The complexity of the various goings-on was rapidly outgrowing the board Simmonds had started back at The Lynn. Although many of the connections were no more than assumptions, instinct dictated to the Inspector that they were all part of one big picture, if only he could discern what that was. Of course, catching Miss Margaret’s murderer was still the prime focus, and Simmonds had to ensure that other matters did not detract from this goal. But at the same time he could not afford to ignore what was evolving around him. He remembered what he had said at the bank – Yes, Mortimer Catchpole was certainly the person of interest. Did his absence now reinforce this opinion? Was the investigation the reason he had gone away, or was it mere holiday coincidence?. If he was indeed Lady B’s blackmailer (and that was just another assumption), had he been ‘tipped off’ to avoid the trap?. And if that were the case, what then was the point of Simmonds and Piccolo staying at the Hall for Christmas?. Should he put an end to the speculation and outright demand that Lady B disclose the name of the blackmailer?.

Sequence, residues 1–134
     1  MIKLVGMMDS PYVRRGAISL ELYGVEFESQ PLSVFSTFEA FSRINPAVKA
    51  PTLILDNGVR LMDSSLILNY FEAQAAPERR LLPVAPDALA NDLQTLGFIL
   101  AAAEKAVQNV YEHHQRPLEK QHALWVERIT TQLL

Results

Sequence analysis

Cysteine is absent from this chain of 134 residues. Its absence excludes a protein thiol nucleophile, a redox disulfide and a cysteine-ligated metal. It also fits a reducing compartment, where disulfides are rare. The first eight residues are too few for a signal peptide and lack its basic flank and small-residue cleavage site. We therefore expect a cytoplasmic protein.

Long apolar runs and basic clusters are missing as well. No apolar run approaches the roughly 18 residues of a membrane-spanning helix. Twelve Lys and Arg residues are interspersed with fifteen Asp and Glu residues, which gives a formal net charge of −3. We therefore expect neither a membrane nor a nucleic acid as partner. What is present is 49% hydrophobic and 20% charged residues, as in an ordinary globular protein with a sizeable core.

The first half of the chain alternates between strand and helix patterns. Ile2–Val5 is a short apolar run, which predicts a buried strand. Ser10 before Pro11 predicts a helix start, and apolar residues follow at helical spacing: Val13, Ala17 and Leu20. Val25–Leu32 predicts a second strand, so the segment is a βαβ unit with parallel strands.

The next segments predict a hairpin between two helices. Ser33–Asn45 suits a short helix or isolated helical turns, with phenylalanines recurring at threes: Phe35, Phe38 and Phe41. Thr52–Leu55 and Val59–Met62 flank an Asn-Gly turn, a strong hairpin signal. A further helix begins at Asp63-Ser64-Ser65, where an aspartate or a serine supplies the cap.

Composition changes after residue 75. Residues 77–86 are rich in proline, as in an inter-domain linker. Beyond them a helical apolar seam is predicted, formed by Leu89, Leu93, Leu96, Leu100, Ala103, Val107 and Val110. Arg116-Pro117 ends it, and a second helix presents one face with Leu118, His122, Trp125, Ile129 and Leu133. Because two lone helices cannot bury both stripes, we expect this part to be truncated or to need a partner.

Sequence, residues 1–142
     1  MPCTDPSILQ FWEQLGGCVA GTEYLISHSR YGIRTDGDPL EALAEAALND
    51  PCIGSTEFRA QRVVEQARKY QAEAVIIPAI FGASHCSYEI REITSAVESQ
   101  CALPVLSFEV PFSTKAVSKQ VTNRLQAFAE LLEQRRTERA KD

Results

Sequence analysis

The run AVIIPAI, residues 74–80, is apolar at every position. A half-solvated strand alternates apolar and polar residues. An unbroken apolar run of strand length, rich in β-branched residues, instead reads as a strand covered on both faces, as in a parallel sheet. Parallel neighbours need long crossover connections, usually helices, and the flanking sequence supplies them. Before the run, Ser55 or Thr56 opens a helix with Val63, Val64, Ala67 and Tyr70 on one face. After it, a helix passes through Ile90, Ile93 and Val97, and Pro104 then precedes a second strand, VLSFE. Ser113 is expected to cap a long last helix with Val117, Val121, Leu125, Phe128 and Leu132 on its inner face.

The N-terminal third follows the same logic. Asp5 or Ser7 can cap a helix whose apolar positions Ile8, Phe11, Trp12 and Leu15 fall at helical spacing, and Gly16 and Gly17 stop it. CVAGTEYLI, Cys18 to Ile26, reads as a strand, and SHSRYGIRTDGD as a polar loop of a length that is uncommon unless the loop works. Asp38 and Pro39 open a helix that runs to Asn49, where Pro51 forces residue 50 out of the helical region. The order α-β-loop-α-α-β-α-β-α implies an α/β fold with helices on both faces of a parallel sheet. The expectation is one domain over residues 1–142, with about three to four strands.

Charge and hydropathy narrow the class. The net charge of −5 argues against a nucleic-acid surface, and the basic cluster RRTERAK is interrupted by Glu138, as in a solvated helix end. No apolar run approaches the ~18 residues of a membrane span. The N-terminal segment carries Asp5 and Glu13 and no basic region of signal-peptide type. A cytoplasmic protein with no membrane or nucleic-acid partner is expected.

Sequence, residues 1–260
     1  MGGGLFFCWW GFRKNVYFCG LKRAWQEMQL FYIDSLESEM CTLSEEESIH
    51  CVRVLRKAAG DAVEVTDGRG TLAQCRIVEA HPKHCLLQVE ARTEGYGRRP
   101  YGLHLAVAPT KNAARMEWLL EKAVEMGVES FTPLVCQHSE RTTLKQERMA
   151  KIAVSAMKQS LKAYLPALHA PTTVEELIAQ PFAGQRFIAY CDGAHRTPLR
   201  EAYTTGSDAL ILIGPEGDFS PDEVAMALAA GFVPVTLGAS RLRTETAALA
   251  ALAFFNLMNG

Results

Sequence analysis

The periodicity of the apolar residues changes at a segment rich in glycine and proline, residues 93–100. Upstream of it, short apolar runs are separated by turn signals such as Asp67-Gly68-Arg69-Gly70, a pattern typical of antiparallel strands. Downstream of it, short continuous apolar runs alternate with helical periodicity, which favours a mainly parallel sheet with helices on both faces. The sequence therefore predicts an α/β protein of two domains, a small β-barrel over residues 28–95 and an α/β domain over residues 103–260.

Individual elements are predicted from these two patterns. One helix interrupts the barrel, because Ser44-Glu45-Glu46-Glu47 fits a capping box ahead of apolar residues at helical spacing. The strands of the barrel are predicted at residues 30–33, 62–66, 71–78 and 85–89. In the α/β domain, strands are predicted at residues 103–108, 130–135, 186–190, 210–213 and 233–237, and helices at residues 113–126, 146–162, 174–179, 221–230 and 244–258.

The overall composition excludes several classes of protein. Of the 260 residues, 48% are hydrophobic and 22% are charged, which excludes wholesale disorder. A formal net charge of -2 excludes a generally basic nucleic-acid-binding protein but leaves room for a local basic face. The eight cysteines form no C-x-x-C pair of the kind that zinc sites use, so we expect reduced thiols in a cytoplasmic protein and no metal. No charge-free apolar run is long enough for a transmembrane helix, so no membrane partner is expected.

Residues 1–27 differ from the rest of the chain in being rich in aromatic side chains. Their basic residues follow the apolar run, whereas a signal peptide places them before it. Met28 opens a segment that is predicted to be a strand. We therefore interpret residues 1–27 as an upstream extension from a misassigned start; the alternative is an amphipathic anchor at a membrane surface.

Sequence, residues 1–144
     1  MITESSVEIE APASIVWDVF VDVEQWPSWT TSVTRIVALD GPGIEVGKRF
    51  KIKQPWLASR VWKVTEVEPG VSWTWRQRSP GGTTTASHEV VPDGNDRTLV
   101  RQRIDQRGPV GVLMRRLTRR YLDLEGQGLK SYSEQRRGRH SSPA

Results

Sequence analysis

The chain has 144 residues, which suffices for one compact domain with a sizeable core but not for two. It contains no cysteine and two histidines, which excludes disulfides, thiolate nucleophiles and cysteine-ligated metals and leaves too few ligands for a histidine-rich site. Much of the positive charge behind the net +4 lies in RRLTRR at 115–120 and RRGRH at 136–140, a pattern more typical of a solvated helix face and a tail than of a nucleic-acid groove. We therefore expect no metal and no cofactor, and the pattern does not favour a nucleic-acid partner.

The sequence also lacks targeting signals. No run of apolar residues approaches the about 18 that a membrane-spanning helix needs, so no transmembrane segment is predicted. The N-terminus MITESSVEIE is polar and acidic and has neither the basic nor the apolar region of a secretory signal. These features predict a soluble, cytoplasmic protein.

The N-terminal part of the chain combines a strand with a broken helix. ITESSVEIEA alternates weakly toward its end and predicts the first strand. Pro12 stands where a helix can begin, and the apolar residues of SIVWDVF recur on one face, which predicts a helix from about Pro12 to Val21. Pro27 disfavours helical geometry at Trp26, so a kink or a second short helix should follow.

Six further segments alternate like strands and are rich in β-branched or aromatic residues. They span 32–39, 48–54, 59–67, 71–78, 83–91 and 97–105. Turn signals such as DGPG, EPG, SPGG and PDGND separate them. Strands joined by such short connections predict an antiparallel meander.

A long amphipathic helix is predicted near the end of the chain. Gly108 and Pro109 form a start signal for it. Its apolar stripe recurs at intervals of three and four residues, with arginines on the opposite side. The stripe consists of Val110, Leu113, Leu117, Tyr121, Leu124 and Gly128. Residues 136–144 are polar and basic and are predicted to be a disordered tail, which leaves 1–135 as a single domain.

Chief Inspector Dawson wasn’t lying when he said that Bill Ransome was the best paperwork officer they had on the force. He’d done a fine job in a short period of time identifying and auditing Mortimer Catchpole’s accounts, but had found nothing untoward. His report cautiously noted however that the existence of monies in accounts under assumed names, or cash or other financial instruments not banked, could not be discounted. Somehow Simmonds was not surprised at these findings, but something did grab his attention. At the end of the report Ransome wrote that he had discovered that Catchpole had an ex-wife, and that she was alive and living in a northern county. Simmonds made a request to that local constabulary to trace the ex Mrs Catchpole. The Inspector wasn’t a great believer in profiling, but he was keen to learn more about the unusual character that was Mortimer Catchpole, and a former wife could well prove to be invaluable in this respect. But even if she were traced immediately time was not going to permit Simmonds to interview her straight away. He’d already discussed with the Chief Inspector spending Christmas at the Hall, and although he had taken some convincing, Dawson had approved it as official business — so that would take priority. In the end it had been an unwillingness to contradict the wishes of Lady Bessingham that had swayed the argument, though eventually he also accepted the potential for such an exercise to bring a criminal to heel. Any questioning of the ex Mrs Catchpole, no matter how fruitful it may prove, would therefore have to wait.